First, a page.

Iranian Academic Examines Sociopolitical Change Approaches in Middle East

Iranian sociologist and professor in Global Affairs, Sociology and Middle Eastern Sociopolitics Asef Bayat reviewed in an October 12, 2016 lecture the role of “ordinary people” in sociopolitical change.

Speaking at the invitation of Birzeit Museum as part of the “Cities Exhibition” lecture series, Bayat introduced his book Life as Politics: How Ordinary People Change the Middle East. The work examines how “ordinary people” find public spaces a platform where they can shed their inhibitions and verbalize their disappointment with the conditions in which they live.

Bayat said that both contentious politics and social non-movements are key vehicles for producing meaningful change in the Middle East. He argued for the quiet encroachment of political non-movements, which he defined as the collective actions of non-collective actors.

According to Bayat, non-collective actors are able to trigger much social change, even though these practices are rarely guided by an ideology or recognizable leaderships and organizations.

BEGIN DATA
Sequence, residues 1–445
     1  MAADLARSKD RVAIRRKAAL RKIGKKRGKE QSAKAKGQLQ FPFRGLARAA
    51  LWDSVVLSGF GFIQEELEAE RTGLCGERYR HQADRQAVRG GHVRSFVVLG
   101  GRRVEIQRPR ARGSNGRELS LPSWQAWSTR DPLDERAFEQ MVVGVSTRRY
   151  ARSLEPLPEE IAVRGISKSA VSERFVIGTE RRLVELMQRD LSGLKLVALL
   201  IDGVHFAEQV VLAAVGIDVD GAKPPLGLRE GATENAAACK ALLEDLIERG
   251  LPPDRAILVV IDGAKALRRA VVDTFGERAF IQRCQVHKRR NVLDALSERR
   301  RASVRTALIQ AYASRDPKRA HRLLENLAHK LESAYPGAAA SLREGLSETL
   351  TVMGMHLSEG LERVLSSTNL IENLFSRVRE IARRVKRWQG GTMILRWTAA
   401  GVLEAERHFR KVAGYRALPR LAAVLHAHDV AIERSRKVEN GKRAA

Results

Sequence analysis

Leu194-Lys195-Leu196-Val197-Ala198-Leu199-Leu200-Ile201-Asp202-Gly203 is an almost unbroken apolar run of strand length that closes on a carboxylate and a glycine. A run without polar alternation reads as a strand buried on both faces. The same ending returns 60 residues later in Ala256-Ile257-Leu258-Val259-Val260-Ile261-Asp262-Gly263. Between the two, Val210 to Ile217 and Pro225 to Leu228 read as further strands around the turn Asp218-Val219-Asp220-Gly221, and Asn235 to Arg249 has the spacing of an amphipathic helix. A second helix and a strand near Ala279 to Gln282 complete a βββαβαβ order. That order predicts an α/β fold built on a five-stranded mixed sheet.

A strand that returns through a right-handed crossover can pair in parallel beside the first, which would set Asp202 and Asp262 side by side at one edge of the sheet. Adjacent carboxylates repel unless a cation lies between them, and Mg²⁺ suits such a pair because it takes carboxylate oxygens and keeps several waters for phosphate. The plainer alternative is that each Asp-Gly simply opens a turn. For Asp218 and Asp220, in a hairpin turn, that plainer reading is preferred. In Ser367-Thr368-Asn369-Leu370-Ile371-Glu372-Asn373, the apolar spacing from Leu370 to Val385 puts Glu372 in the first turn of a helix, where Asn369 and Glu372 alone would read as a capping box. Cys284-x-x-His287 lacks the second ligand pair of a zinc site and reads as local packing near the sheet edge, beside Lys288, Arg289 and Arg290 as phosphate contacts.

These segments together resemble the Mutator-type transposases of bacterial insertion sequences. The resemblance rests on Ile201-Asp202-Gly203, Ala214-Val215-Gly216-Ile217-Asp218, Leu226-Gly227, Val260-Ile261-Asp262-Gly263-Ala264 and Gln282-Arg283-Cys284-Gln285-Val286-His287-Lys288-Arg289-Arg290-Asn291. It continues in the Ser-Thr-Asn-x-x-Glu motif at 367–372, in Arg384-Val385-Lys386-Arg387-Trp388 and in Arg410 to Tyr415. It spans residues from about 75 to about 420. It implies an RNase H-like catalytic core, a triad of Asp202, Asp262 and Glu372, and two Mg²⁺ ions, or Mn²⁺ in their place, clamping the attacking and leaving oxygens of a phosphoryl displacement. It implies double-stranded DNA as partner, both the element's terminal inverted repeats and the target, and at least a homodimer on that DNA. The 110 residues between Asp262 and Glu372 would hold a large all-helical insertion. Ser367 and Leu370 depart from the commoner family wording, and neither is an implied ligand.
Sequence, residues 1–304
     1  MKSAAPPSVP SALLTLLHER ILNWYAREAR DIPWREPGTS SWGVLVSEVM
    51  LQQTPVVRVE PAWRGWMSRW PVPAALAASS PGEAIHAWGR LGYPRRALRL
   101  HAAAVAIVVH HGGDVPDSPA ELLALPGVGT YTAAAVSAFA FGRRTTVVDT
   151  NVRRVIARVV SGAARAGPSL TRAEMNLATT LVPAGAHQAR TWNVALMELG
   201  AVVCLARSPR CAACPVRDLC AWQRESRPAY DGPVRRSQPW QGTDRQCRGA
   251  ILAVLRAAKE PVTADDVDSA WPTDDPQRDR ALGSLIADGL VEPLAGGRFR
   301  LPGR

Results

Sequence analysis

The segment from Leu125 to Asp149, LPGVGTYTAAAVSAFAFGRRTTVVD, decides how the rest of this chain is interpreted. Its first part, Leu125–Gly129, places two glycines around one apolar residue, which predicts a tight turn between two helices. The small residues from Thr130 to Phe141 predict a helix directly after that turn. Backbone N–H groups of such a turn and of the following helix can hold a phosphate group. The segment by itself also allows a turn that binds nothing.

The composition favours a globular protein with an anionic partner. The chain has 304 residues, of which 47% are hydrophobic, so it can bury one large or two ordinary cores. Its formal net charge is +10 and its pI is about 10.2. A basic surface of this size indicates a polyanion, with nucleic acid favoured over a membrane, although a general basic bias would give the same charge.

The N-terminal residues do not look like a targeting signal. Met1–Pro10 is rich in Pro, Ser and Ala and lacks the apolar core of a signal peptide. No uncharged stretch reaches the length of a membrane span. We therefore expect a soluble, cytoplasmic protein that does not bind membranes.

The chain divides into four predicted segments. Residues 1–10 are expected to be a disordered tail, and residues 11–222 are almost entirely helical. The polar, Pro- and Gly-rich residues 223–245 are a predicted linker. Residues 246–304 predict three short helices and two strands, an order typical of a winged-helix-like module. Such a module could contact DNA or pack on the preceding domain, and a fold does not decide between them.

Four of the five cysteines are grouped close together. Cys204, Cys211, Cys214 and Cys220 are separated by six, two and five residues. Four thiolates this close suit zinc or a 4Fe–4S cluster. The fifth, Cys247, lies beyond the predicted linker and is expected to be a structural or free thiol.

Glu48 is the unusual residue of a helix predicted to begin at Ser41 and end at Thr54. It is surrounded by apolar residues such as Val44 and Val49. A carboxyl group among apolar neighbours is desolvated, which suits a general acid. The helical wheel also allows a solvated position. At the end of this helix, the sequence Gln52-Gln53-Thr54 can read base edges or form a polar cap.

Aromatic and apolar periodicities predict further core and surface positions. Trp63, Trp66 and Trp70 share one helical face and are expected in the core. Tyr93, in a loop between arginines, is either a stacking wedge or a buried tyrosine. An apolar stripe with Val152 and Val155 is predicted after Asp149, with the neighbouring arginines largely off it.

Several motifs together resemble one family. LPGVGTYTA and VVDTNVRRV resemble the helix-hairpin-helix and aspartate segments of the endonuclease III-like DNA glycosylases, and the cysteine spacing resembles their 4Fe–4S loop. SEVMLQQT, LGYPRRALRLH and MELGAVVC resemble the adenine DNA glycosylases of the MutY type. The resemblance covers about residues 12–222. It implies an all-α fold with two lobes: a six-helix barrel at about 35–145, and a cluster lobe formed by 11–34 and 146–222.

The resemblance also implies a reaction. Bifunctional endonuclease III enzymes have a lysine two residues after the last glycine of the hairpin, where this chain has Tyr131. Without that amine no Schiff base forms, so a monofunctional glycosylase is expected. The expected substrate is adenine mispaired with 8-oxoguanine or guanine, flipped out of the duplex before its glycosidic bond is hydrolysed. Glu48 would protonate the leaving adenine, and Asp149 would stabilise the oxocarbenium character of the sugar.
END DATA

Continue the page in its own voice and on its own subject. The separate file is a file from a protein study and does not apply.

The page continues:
He then described sociopolitical activism practiced by non-movement actors and how it can refashion political dynamism in the Middle East.

Referring to Egypt’s experience in sociopolitical change, for example, Bayat said that change started taking shape at the hands of subaltern groups that were disgruntled with their country’s policies, resulting in the movements that expressed their advocacy for democracy and opposition to the regime.

Asef Bayat is the Catherine and Bruce Bastian Professor of Global and Transnational Studies and Professor of Sociology at the University of Illinois at Urbana-Champaign. He is the author of Making Islam Democratic: Social Movements and the Post-Islamist Turn (Stanford, 2007).